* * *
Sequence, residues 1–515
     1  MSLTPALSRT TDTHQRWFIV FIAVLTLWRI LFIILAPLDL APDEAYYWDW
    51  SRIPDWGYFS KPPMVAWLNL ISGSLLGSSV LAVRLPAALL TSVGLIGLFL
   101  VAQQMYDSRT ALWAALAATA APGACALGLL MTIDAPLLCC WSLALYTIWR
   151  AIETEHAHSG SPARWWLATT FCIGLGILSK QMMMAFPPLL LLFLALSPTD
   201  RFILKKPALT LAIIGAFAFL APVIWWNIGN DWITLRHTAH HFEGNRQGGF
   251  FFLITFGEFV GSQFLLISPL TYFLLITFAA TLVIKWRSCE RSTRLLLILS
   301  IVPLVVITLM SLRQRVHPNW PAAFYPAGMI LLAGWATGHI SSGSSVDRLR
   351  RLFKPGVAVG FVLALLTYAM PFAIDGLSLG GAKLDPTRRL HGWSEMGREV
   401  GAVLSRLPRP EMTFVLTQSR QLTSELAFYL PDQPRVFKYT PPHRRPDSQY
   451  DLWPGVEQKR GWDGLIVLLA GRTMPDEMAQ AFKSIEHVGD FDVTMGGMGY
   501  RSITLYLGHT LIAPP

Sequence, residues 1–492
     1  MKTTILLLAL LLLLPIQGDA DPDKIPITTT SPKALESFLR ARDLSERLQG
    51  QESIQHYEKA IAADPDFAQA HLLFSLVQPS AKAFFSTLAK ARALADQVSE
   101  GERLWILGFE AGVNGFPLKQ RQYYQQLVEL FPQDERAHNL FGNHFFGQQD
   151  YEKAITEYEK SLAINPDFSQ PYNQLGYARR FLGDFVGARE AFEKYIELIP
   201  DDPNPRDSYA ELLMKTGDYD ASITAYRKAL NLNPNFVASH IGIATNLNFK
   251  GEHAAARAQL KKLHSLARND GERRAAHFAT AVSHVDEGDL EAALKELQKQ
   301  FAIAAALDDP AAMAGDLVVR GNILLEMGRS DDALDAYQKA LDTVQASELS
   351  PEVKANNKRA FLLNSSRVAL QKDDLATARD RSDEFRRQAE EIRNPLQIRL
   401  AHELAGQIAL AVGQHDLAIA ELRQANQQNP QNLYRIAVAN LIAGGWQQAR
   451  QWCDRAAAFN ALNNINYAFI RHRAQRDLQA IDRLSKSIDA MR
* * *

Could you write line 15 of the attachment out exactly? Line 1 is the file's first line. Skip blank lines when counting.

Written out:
    51  QESIQHYEKA IAADPDFAQA HLLFSLVQPS AKAFFSTLAK ARALADQVSE